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Reducing Enteric Methane for improving food security and livelihoods

The Project

The emissions intensity of enteric methane and the potential to mitigate enteric methane, varies greatly across regions and also between and within production systems.

(Gerber et al, 2013): Methane emissions per unit of product/Kg of edible protein (emissions intensity)

The major technical mitigation potential is to be found in areas where both measures of emission intensity per unit of product and per unit of land are high. That is mainly in Latin America, South Asia, and in parts of Sub Saharan Africa. Here, a large potential for emissions reduction per unit of protein coincides with substantial volumes of production. In addition, these regions:

  • contribute 70% of global enteric methane emissions
  • are home to an important proportion of global ruminant population; 70%, 90% and 69% of the world’s cattle, buffalo and small ruminant (sheep and goats) populations, respectively.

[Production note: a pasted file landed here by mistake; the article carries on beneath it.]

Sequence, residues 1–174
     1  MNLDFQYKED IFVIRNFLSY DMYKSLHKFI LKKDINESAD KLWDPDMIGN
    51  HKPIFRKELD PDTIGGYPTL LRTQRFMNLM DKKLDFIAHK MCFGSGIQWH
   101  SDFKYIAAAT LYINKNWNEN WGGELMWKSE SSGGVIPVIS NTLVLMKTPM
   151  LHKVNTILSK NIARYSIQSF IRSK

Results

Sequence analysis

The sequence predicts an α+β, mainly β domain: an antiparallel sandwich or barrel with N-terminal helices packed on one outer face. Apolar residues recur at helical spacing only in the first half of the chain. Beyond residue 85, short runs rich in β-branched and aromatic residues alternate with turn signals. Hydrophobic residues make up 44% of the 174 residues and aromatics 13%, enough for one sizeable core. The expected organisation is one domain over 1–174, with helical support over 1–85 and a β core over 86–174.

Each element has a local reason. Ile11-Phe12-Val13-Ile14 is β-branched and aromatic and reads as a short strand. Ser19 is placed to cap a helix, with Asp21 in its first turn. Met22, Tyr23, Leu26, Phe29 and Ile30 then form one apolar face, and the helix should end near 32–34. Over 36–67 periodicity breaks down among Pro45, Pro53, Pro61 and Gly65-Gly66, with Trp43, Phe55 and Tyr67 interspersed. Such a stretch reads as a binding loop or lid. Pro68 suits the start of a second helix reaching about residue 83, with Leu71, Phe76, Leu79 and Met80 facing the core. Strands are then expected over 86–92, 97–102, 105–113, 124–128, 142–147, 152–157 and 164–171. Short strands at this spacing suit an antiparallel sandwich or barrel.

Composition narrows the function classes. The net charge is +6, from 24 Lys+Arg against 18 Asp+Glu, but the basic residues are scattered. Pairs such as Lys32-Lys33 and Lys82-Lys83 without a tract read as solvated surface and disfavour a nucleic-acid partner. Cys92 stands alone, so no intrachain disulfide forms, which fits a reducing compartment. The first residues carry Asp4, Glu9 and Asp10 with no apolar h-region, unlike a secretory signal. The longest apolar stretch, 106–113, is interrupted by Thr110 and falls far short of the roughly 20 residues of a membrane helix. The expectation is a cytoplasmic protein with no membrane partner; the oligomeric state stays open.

• have high absolute emissions and emissions intensities
  • there are existing, cost-effective technologies available already to improve livestock productivity.

Working with key stakeholders (scientists, policy makers, industry and farmer organisations)  to identify and implement the existing cost effective technologies to improve the productivity of ruminant systems in these regions will benefit millions of rural farmers who rely on ruminants for their livelihoods; providing higher incomes, more plentiful, nutritious and cheaper food, and generating patterns of development that provide employment and benefit to both rural and urban areas while at the same time offering benefits for climate.

The project will work in beef production systems in South America and Dairy Production systems in South Asia and Sub Saharan Africa.